May 18, 2010 Glen rated it really liked it
Shelves: mohrcollab
Notes from Clayton Christenson, The Innovator’s Dilemma

It pays to be a leader in a disruptive innovation
• Leadership in sustaining innovations gives little advantage
• Leadership in disruptive innovation creates enormous value

But established companies typically fail in the face of disruptive change
• Companies get organized to satisfy current customer’s needs and to facilitate design and production of current products. This organization can then prevent the organization most conducive to developin
Chris Johnson
May 19, 2013 Chris Johnson rated it really liked it
So, the information, the ideas would make this a five star book. It's a way of thinking that helps ward off obsolescence, a way of thinking that gets people to understand where future disruption may come from. The whole idea: that good management (like, truely good) eventually leads to poor decisions is fascinating.

The example: If current customers demand "faster horsers" companies rightly put their energy into faster horses. What the customer says and wants isn't necessarily what's good for the
Bonnie Atkinson
Jun 16, 2011 Bonnie Atkinson rated it liked it
Well, this is a mixed bag, this interesting little book. The observations are prescient but the presentation is abominable. I'm sure for those who demand an exhaustive regurgitation of every step in an analysis, it is useful, but I felt that most of the book could have been the research appendices. On the other hand, the conclusions drawn were incisive and incredibly useful. It would have worked well if it had been presented as a research paper with a 10-page abstract. As a practitioner, I could ...more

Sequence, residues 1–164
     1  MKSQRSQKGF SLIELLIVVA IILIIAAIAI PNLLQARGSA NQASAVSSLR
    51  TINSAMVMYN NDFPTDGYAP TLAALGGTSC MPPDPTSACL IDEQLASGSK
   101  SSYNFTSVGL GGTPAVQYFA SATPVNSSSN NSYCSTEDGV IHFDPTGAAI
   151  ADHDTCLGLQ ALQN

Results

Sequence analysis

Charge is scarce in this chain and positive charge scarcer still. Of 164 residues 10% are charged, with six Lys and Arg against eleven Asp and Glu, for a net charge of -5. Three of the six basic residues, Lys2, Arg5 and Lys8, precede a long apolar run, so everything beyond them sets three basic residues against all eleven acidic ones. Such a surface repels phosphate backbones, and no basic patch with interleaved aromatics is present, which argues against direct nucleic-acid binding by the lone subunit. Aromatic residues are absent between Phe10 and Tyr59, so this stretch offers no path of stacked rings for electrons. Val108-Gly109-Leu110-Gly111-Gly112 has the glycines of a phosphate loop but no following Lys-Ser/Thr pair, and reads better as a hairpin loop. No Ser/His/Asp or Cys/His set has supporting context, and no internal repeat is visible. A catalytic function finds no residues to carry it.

Feb 25, 2016 Leticia rated it really liked it  ·  review of another edition
Shelves: business
Although I wonder whether my copy was complete - it seemed quite short - this is a powerful and important work for anyone in business.

Christensen, in this version of The Innovator's Dilemma demonstrates why great firms fail when new technologies come along. The spoiler is that it's because great firms (those with great teams, excellent management, etc) are not actually driven by the company. They're driven by customer demand. Customers (and stakeholders) are those who cause things to happen insi
Dec 07, 2015 Tirath rated it it was amazing
A classic - although enlightening, its a bit of a man with the hammer syndrome kinda book.
Is definitely a must read for all students of strategy, business, investments...

The crux is: One may do everything according to the signals of technology, market demand, customer feedback etc, and still fail.
Technological changes are very difficult to keep up with. More than thought.
It is extremely difficult for a corporation to change - one may keep assuming that the company is capable of innovating or ada
Traian Stancescu
Dec 24, 2015 Traian Stancescu rated it liked it